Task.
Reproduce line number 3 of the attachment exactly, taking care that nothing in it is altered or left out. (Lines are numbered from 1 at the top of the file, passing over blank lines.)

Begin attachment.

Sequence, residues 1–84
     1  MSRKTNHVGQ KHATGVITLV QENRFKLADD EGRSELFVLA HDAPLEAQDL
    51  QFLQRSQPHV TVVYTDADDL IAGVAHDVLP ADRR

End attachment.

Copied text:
    51  QFLQRSQPHV TVVYTDADDL IAGVAHDVLP ADRR